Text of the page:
Banks bulldoze houses, despite millions being homeless

Bank of America and others plan to raze repossessed, vacant homes in some cities. Is demolition really an ethical solution?

Chuck Burton / AP
Bank of America's corporate headquarters is shown in Charlotte, NC, July 19, 2011. The bank plans to destroy some of its repossessed homes that won't sell.

In January of 2008, Bank of America CEO Kenneth Lewis announced that his company had the “rare opportunity” to buy Countrywide Mortgage for the amount of $4 billion.

“Countrywide presents a rare opportunity for Bank of America to add what we believe is the best domestic mortgage platform at an attractive price and to affirm our position as the nation’s premier lender to consumers,” Lewis said.

Now with Lewis long gone, Bank of America (BoA) owns a glut of abandoned houses it can’t sell. So the largest mortgage servicer has decided to bulldoze some of its inventory. And BoA isn’t alone. Wells Fargo, Citicorp, JP Morgan Chase and Fannie Mae have started knocking over a few of their repos already. Lindsey Rupp reports for Bloomberg,

The biggest U.S. mortgage servicer will donate 100 foreclosed houses in the Cleveland area and in some cases contribute to their demolition in partnership with a local agency that manages blighted property. The bank has similar plans in Detroit and Chicago, with more cities to come, and Wells Fargo & Co. (WFC), Citigroup Inc. (C), JPMorgan Chase & Co. (JPM) and Fannie Mae are conducting or considering their own programs.

“There is way too much supply,” said Gus Frangos, president of the Cleveland-based Cuyahoga County Land Reutilization Corp., which works with lenders, government officials and homeowners to salvage vacant homes. “The best thing we can do to stabilize the market is to get the garbage off.”

Last May, I wrote of Detroit mayor Dave Bing’s plan to” right-size” the motor city by razing complete neighborhoods and speculated that the idea might catch on.

With millions of vacant homes and commercial building sitting empty around the country, this is an idea that could catch on. Don’t laugh, after all the government killed cattle and poured milk on the ground in compliance with the Agricultural Act of 1933 to support prices even as people where starving. Most farmers at the time couldn’t afford not to take the government money.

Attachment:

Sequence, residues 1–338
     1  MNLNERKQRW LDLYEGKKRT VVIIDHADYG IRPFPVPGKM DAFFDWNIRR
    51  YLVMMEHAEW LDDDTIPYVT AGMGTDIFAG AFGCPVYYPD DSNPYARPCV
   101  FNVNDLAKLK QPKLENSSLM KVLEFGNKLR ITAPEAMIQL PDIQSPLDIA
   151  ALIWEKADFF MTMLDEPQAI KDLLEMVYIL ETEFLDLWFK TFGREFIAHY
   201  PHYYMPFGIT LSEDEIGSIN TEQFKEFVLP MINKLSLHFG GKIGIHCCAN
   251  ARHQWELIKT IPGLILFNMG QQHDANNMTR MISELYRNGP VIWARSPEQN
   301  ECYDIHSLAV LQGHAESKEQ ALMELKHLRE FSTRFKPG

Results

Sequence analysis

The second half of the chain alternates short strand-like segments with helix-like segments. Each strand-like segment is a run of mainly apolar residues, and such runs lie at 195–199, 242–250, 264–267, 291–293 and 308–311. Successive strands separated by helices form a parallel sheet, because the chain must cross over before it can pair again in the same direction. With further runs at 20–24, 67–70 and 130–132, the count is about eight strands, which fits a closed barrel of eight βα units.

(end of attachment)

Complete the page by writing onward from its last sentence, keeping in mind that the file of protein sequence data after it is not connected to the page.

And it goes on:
Is it too far-fetched to think that Washington, in yet another way to bail out the banks, would pay financial institutions to knock down repossessed homes and buildings? This would cure the glut, clean up public nuisances and blight (like the Romney place), with the added benefit of helping out homebuilders. Plus, good high-paying jobs knocking down buildings would be created: a right-sizing of employment if you will. This is a win-win-win-and then some policy.

BoA will donate and bulldoze 100 houses in Cleveland, 100 in Detroit, 150 in Chicago and may donate and detonate homes in nine other cities. And if you thought some federal money was lurking somewhere in this story, you’d be right.

The lender will pay as much as $7,500 for demolition or $3,500 in areas eligible to receive funds through the federal Neighborhood Stabilization Program. Uses for the land include development, open space and urban farming, according to the statement.

“No one needs these homes, no one is going to buy them,” said Christopher Thornberg, founding partner at the Los Angeles office of Beacon Economics LLC, a forecasting firm. “Bank of America is not going to be able to cover its losses, so it might as well give them away and get a little write-off and some nice public relations.”

No one needs these homes? Just as FDR’s administration didn’t care about those starving during the depression and destroyed foodstuffs in an attempt to raise farm prices, the current administration doesn’t care about the millions of homeless who could use one of these roofs that are being bulldozed over their heads.

Warren Buffett says “blow up a lot of houses — a tactic similar to the destruction of autos that occurred with the ‘cash-for-clunkers’ program.’” The hope is to raise used home prices as “cash for clunkers” did for the used car market.

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